CHICAGO (CBS) — The State of Illinois is taking money out of one woman’s paycheck for every cent she got in unemployment – saying she never should have received the benefits they approved.

But we’ve told you some in Illinois can have those overpayments forgiven – if it was the state’s fault they were overpaid in the first place.

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So on Thursday, CBS 2’s Tara Molina asked state officials why they are docking paychecks before people even have the chance to fight back. The state is also charging fees on top of those docked payments.

One of the people affected by all this is Danielle Skopis, who has to pay a $15 processing fee to the state every paycheck just so the state can garnish it. This is all while she waits for the Illinois Department of Employment Security to respond to what she calls repeated requests for help.

“You get it in the mail and your mind goes to, what? Why? How?” Skopis said.

Essentially, Skopis is getting a bill for every penny she received in unemployment benefits through the Pandemic Unemployment Assistance program – totaling $5,008.00.

It was a program, she said, “for which it was later determined I was not eligible.”

At one point, the state approved the benefits for Skopis and paid them out.

She believes if she wasn’t eligible for the money she got, it is not because she didn’t provide the right information.

“They approved me,” Skopis said.

And because Skopis doesn’t have $5,008 laying around, she said, “There’s no way.”

Skopis has fought this in every way possible. Right now, she is waiting on the state to decide whether she’s eligible for a waiver.

Unemployment overpayment waivers, in cases where it was not a person’s fault they were overpaid benefits, are made possible through federal relief.

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Skopis is working as a state caregiver now, and has waited about two months for an answer on her waiver application.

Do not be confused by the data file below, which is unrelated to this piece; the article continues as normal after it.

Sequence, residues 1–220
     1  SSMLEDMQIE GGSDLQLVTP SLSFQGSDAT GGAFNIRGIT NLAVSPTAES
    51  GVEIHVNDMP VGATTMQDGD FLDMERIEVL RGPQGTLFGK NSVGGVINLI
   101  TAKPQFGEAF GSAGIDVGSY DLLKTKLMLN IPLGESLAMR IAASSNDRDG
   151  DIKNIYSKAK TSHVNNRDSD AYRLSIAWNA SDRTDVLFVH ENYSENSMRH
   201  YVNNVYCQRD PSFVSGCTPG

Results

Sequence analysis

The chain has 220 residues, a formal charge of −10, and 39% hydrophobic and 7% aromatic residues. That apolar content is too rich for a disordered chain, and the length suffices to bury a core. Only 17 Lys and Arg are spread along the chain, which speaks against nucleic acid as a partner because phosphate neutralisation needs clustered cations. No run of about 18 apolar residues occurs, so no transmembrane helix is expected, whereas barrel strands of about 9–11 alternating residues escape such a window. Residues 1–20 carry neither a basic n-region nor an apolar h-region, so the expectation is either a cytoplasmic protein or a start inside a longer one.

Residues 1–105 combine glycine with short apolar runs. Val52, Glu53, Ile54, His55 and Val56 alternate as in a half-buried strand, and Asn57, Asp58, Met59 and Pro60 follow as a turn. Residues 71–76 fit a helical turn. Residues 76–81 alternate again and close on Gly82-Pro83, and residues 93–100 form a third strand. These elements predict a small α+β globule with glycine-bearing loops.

In that time spent waiting on the state, she said, “they’re garnishing my wages.”

That goes for every paycheck.

“They also take out a $15 processing fee which does not go towards that $5,000,” Skopis said.

Skopis isn’t the only one.

IDES reported it has received 67,678 waiver requests and has approved more than 25,000 of them – totaling more than $94 million dollars.

The state also denied 41,913 waiver requests. Those people will have to pay the state back.

Skopis is still waiting to find out which group she is in.

“It consumes your life,” she said. “If you’re going to accuse me and take money from me, I deserve the respect to understand why.”

We asked state officials about the garnished wages – when it starts and how that money, and those fees, is paid back.

There was no response to those questions.

A spokeswoman for the IDES did clarify why some are being denied:

“Per federal law, a PUA overpayment waiver would be denied if the claimant did not indicate on the survey sent to them:
–The overpayment was not created through no fault of their own
–Recovery of the overpayment would not be against equity and good conscience

“Effectively, what this means, is each claimant fills out the survey on the correspondence sent to them and selects yes or no to those two questions (was the overpayment created through no fault of your own; would the recovery of the overpayment be against equity and good conscience), and the survey is then reviewed on a case-by-case basis by the Department.

“Hypothetically, a waiver would be denied if a claimant indicated the overpayment was created through no fault of their own, but during the review process, it is discovered the claimant was working while collecting without reporting those wages to the Department. That would result in a denial of a waiver because the overpayment was created as a result of their collecting benefits for which they were not eligible. Each request of an overpayment recovery waiver is reviewed on a case-by-case basis.

“In general, claimants who are denied an overpayment waiver request still have access to the traditional appeals process. Claimants should contact the Claimant Services Center at 800.244.5631 and select the appropriate queue to schedule themselves for a callback.”

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The IDES provided this breakdown on overpayment waivers, which only apply to the Pandemic Unemployment Assistance, or PUA, system geared toward people such as gig workers – and not to the regular unemployment system:

  • Overpayment letters sent out:
    o 174,685
  • Total dollar amount representative of those letters:
    o $961,565,796
  • Waiver requests received by IDES:
    o 67,678
  • Waiver requests granted:
    o 25,745
  • Waiver requests denied:
    o 41,913
  • Total dollar amount representative of waiver requests granted:
    o $94,958,888

Tara Molina